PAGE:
It seems obvious that happy customers are good for business. But what specifically, can you expect when you implement a successful CX strategy? Here are a few of the key benefits:
“You’ve got to start with the Customer Experience and work back toward the Technology, not the other way around”
— Steve Jobs
A good customer experience isn't achieved with a single lightbulb moment. On the contrary, it happens through a combination of multiple "mini experiences" across your business.
At its core, customer experience is about making it as easy and pleasant as humanly possible for people to do business with you. That starts at setting honest expectations about what your product or service does, and continues through product design, help resources, the sales process and post-purchase support.
"Customer experience stretches across multiple teams within your business, from marketing and sales to customer support and design. Customers have a lot of smaller interactions. While these departments may operate separately to each other, it's crucial that they work together to create a seamless, reliable experience for your customer."
A lot of poor customer experiences come down to the disconnected nature of most businesses. Ever been on the phone to a customer support agent for hours, only to have the call cut out and have to start your story all over again? Or had to fill in yet another online form because your original got lost?
Situations like these are caused by poor communication and teams that aren't on the same page (e.g. siloed), leading to an inconsistent customer journey and a frustrating customer experience. Concentrating on combatting these two areas is a surefire way to improve your customer experience.
For example, say you run an online bakery and there's a supply issue. In a business with poor customer experience, customer service agents will just notify customers when they message to enquire as to why they can't put their order through. This is reactionary and unintuitive.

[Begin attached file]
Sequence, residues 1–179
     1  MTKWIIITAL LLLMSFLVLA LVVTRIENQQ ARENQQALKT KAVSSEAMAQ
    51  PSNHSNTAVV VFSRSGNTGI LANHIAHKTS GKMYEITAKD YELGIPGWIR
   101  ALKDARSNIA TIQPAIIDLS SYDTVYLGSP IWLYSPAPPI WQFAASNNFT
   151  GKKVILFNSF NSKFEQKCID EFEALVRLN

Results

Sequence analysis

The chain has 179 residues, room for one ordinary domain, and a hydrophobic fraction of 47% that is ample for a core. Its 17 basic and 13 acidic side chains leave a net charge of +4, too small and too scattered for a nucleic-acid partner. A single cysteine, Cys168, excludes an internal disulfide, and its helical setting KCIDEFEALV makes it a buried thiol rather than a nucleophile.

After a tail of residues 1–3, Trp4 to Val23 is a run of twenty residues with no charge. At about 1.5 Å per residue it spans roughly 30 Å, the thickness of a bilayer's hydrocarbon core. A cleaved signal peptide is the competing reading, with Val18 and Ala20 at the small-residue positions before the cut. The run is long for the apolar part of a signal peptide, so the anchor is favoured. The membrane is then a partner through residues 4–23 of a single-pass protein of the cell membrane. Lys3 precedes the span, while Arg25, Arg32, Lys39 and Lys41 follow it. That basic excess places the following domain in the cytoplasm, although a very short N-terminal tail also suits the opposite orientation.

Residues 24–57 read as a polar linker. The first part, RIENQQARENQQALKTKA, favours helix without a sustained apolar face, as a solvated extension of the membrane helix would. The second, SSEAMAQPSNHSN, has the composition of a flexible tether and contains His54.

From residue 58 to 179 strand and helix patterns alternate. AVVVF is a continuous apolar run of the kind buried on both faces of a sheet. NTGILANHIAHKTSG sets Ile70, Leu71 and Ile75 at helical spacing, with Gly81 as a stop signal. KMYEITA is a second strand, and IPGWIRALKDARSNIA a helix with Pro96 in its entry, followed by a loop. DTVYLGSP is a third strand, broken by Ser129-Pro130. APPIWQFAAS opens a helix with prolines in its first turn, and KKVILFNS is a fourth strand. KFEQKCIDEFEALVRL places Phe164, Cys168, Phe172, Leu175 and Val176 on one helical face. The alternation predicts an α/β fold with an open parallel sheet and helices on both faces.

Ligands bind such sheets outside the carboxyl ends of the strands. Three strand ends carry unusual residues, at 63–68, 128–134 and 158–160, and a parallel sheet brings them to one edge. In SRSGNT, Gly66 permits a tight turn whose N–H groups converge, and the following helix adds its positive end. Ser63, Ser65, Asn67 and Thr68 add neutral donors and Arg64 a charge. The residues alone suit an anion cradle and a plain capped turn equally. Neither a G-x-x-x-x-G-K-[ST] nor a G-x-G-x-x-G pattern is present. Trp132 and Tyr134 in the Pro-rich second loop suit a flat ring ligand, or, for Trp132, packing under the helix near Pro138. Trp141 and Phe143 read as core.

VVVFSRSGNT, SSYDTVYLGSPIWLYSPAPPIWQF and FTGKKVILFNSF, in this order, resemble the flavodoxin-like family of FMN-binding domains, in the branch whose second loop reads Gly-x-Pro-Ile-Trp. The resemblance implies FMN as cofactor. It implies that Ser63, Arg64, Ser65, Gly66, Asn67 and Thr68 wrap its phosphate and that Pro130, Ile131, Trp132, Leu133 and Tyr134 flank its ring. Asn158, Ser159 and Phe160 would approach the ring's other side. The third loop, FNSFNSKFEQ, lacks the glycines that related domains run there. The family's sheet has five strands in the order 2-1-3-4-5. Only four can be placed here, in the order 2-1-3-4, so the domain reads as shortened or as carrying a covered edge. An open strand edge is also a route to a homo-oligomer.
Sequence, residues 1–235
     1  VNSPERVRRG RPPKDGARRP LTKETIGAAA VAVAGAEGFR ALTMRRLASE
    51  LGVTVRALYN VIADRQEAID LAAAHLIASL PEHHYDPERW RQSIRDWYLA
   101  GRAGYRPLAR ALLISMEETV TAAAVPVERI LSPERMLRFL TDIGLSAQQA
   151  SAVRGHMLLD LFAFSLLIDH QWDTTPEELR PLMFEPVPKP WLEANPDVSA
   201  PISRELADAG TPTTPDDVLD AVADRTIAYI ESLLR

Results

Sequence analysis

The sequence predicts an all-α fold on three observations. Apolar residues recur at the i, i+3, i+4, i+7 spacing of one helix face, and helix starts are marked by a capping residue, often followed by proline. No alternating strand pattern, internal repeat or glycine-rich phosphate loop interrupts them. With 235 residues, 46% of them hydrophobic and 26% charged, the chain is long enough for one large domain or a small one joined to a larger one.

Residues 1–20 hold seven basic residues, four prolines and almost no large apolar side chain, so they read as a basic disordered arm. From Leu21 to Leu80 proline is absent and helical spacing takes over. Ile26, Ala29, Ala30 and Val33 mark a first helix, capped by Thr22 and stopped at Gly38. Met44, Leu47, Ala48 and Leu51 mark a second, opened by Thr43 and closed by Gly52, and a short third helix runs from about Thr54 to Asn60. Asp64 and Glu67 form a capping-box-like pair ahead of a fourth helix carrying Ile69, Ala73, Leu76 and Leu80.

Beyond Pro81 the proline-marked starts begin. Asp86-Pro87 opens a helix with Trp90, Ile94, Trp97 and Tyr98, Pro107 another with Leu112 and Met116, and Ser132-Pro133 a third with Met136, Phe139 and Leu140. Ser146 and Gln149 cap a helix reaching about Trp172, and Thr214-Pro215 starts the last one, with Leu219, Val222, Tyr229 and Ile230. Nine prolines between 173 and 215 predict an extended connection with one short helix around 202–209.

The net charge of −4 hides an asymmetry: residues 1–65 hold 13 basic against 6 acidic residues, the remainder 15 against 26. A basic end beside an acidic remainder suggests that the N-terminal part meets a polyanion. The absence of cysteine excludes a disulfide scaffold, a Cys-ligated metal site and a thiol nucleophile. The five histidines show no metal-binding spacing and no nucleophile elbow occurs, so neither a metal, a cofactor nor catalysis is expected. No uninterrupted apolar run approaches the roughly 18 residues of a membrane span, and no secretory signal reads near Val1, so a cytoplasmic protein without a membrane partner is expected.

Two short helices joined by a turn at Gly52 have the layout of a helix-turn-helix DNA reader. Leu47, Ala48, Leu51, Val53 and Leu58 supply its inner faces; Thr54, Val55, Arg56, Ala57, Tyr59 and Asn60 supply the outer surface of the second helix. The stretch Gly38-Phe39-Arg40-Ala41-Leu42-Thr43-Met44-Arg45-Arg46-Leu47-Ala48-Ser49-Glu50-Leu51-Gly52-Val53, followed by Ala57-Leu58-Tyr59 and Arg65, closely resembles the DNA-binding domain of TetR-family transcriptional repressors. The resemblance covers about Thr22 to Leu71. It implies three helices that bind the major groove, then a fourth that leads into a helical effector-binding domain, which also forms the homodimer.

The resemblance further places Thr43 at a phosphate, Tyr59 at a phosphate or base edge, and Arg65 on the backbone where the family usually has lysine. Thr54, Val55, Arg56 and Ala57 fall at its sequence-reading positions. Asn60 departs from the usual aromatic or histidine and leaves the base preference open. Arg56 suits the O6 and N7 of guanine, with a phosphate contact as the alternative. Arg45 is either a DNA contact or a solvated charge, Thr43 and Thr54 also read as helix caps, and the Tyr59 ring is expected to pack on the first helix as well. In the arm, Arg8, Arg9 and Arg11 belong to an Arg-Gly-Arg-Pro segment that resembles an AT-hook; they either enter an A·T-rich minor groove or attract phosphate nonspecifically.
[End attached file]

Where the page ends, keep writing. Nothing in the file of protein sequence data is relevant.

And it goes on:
"When it comes to customer experience there's one simple truth: a customer-centric frame of mind will put you ahead of much of your competition."
On the other hand, a business with a more positive customer experience will tend to be more proactive. They might send emails to customers notifying them of the issue, share transparent updates on social media, and prompt customer support agents to set realistic expectations about when the problem may be solved.
Doesn't sound overly complicated does it? You can get bogged down in all sorts of complex customer journey mapping and flowcharts, but a major part of delivering a positive customer experience comes down to awareness. Awareness of customers as people; awareness of the end-to-end nature of their needs.
This is where surveys come in handy to uncover how customers see your business, and, more importantly, see how you can better serve them. Use simple NPS and customer satisfaction surveys to gain insights and look for areas of improvement.
Before you can improve your customer experience strategy you've got to know where your business stands. Trying to blindly improve something without a baseline (thus giving yourself no metric to work off) is as effective as battle before figuring out who your enemy is.
"When it comes to customer experience there's no specific number you can hit and say 'my work here is done'. Sure, you can collect a variety of metrics and data points, but at the end of the day you have to define your own idea of what success looks like through a combination of qualitative and quantitative data."
There are a few different ways to get started: